The Relief on the Door of the Msho Arakelots Monastery (1134) as a Source for Studying Arms and Armour of Medieval Armenian Warriors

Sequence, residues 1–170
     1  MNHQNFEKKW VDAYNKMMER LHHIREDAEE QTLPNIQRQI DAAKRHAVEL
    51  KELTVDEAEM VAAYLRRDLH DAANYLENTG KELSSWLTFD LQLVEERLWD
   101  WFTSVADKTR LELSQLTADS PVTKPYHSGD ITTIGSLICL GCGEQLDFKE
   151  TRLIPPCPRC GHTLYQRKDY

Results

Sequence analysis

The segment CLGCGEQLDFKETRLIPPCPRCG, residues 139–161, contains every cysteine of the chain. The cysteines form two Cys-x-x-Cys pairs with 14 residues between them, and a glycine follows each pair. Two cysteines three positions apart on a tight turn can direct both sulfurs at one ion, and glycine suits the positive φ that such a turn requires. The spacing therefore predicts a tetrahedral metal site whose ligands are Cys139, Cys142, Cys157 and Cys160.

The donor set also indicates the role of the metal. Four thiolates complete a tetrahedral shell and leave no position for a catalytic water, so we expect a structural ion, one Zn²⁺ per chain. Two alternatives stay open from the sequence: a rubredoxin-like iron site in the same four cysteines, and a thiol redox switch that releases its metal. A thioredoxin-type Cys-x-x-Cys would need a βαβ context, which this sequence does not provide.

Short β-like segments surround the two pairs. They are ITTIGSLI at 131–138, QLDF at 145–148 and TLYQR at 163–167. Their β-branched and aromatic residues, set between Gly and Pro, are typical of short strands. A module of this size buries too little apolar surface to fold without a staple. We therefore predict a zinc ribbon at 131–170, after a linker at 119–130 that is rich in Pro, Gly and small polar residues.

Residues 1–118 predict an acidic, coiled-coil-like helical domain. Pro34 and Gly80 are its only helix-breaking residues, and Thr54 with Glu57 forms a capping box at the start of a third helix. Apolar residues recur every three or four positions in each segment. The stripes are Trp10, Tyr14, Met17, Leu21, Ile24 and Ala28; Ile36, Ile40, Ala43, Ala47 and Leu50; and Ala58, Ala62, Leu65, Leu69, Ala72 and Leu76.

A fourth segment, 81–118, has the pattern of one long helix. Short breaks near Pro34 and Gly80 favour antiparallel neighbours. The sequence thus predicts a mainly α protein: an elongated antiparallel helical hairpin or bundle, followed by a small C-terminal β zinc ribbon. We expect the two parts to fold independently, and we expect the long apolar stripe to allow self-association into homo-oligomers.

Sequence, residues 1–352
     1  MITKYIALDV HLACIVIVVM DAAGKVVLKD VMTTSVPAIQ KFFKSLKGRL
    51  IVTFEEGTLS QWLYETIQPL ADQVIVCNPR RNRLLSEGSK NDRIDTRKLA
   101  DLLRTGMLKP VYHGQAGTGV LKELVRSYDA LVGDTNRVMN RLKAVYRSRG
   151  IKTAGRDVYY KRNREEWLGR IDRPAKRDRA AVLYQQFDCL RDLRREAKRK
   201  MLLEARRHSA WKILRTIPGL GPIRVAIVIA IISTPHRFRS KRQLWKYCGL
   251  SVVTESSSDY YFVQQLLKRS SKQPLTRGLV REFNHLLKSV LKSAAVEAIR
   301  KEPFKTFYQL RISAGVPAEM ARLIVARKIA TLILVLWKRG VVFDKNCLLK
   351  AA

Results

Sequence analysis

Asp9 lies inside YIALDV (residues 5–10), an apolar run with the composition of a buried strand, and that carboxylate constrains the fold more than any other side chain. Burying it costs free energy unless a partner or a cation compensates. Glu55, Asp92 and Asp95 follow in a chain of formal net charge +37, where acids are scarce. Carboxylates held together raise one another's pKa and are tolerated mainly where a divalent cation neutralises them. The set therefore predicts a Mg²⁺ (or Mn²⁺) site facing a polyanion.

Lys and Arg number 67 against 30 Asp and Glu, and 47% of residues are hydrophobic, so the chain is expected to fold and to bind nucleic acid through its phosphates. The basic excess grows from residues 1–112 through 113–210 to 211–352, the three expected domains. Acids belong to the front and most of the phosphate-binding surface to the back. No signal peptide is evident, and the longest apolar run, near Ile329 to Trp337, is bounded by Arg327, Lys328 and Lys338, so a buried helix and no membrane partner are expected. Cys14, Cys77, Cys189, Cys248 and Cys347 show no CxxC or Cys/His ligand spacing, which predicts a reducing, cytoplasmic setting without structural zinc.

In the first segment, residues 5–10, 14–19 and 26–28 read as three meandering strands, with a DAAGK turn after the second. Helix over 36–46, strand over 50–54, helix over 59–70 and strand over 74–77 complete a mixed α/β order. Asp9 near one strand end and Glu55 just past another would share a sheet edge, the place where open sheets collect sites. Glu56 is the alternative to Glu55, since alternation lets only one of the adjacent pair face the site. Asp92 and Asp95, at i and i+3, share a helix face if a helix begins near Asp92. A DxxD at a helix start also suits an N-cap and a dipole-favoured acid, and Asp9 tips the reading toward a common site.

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Byzantium’s arms and armours were researched by many historians. For that reason, the military history of the medieval Roman Empire enjoyed a dominant position in medieval historiography, with the consequence that very often the military history of small nations (under Roman influences) was written from the perspective of the Eastern Romans historians. The aim of the paper is to change this perspective and give the subject of the medieval Armenian military the attention it deserves. The idea is to perform an analysis of the relief on the Door of the Msho Arakelots monastery, where four equestrians and one infantryman are depicted, and to compare it with other Armenian, Byzantine and Muslim sources. In this relief, a spherical mace head and a sword with sleeve cross-guard are represented, suggesting many parallels with East-Roman archaeological and figurative sources. No less important is the depiction of the military trumpet because it is the first image of this object in Armenian art, which can be compared with pictures from the Madrid Skylitzes (13th c.). In addition, the only defensive weapon which is presented in this relief is a round shield with a floral ornament. There are many depictions of round shields in Armenian miniatures and reliefs from 10th–11th c. Moreover, this relief is one of the few where stirrups and the chape of a scabbard are shown. These elements represent an important piece of information because these pictures can be compared with actual archaeological East-Roman artefacts to reconstruct their real look. The conclusions are that the majority of Armenian weapons bear similarities to Byzantine ones but no less important are the Muslim influences, which have been found in some cases. Located between two civilizations (Byzantium and the Muslim Potentates), Armenians adopted the best solutions of their military technologies, creating their own culture. Moreover, thanks to this comparative analysis, further support will be given to the idea that medieval figurative sources are more or less accurate material for studying medieval military history.
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